|Richard A Franks|
|Valiant Wings Publishing|
|£18.95 MSRP at www.valiant-wings.co.uk|
192 pages, A4 Format, softcover,
ISBN: 978-1-912932-02-3, Airframe Album #15
This latest edition of Airframe Album concentrates on the Gloster and Armstrong Whitworth Meteor. While the Germans were the first to fly a turbine powered aircraft and the first to put them into production with the Me-262, the British were not all that far behind. The aircraft were similar in several ways with each requiring two wing mounted engines to provide the needed thrust. However their choice of engine design was quite different. The Germans went with the axial flow turbojet, which eventually became the way to do jet engines, while the British chose the simpler centrifugal flow variant, a type that is now more used in helicopters and small turboprops. Axial flow engines provide a smaller diameter, but with the trade-off of greater complexity. For early jets, the choice of a centrifugal flow meant greater reliability at the expense of greater engine diameter.
While the Meteor could have been put into combat in the air to air role (it had a brief stint at ground attack), it was decided by the RAF that they did not want the engine technology to fall into German hands. Hindsight shows us that this was a false fear as by the time the Meteor entered squadron service, the war was so close to being over that even if the Germans had recovered a crashed copy, they would not have had time to copy and develop it.
Despite its near obsolescence by the late 1940s, the Meteor continued to be developed and became a very successful type. Thanks to the UK's need for currency after WWII, the Meteor became the first jet fight of many foreign air arms. Here its simplicity of design was a major plus and many were in front line service into the 1960s with some remaining in use until the 1990s in special roles.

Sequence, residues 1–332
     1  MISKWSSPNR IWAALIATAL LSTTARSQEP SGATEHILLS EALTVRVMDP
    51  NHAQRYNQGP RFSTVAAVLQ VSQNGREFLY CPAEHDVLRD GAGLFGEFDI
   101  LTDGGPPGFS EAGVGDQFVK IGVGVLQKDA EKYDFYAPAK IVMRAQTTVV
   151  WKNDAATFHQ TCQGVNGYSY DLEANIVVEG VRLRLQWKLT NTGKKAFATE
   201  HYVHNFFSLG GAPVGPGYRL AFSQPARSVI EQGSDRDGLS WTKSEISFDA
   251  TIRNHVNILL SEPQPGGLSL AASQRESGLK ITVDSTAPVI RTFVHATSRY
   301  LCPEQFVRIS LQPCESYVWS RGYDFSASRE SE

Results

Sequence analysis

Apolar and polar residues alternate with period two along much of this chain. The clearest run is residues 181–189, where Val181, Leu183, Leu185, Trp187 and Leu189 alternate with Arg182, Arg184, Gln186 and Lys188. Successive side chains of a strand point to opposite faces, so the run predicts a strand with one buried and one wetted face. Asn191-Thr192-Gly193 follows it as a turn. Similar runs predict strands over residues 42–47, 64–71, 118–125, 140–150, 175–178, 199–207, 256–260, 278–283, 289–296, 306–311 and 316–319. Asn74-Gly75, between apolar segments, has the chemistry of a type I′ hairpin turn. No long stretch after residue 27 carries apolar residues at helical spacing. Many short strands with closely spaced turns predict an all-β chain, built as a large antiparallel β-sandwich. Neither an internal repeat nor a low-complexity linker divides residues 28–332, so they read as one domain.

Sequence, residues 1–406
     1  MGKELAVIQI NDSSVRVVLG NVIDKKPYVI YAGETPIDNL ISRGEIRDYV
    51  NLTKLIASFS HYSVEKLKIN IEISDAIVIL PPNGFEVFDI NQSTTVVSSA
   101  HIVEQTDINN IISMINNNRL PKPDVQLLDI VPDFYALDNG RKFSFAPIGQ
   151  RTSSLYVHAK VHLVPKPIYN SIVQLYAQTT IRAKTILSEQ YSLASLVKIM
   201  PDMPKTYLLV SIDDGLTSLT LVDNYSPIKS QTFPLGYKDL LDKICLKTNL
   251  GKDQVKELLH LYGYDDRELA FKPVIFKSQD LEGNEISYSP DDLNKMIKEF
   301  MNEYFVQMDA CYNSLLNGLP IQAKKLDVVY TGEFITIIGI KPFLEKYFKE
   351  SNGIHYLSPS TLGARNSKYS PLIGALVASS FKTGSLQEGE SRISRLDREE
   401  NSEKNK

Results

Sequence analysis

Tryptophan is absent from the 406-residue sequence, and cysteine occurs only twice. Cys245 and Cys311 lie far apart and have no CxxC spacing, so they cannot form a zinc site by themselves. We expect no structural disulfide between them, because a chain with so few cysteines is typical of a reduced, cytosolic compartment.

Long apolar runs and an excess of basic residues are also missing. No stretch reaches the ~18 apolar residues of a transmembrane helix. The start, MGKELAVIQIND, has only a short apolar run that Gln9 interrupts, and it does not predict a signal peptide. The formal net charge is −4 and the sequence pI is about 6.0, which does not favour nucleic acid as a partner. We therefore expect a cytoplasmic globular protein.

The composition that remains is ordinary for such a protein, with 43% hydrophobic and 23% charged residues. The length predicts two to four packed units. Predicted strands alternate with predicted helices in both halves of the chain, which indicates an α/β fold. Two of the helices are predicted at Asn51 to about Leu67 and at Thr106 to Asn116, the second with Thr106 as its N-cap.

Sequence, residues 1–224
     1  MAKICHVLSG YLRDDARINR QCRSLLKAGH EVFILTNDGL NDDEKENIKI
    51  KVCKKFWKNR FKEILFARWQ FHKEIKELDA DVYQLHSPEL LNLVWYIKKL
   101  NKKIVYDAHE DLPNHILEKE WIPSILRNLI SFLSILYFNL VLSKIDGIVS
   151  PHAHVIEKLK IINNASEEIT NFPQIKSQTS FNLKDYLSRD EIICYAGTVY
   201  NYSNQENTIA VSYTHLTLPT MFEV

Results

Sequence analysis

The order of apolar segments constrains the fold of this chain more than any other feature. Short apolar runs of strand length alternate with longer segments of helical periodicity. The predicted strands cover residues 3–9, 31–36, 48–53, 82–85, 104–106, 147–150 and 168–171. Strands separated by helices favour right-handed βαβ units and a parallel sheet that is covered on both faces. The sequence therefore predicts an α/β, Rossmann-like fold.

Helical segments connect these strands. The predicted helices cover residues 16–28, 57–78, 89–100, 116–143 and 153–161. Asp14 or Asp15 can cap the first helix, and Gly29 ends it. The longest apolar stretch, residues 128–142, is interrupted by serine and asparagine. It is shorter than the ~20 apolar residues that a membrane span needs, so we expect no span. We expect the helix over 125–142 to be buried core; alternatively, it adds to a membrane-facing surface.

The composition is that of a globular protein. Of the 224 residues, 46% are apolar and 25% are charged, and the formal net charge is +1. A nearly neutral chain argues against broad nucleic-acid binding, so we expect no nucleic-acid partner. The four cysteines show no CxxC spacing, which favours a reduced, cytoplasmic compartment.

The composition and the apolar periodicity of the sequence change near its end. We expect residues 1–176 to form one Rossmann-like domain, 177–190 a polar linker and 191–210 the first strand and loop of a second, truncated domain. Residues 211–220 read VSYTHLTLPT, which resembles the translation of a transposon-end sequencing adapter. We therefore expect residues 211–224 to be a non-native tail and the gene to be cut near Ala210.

The book follows the usual script with a history of the type, the different variants, close up images of extant airframe as well as period images and tech manual drawings. There is a section on the differences between airframes and one on the various camouflage schemes worn by the aircraft. Needless to say, these sections are fairly extensive considering the number of variants and sub-variants of the Meteor that were produced. The modeler's section has two builds, a 1/72 Cyber-Hobby F.1 and a 1/48 Airfix FR.9. The usual listing of kits, decals and accessories is provided near the end. The author rightly comments that this is not a model review book, hence a number of other kits were not built for this edition, something I think that readers frequently overlook.
In all, a most welcome addition to what is a superb series of books and well worth the effort of picking up. This one is going right into my reference library.
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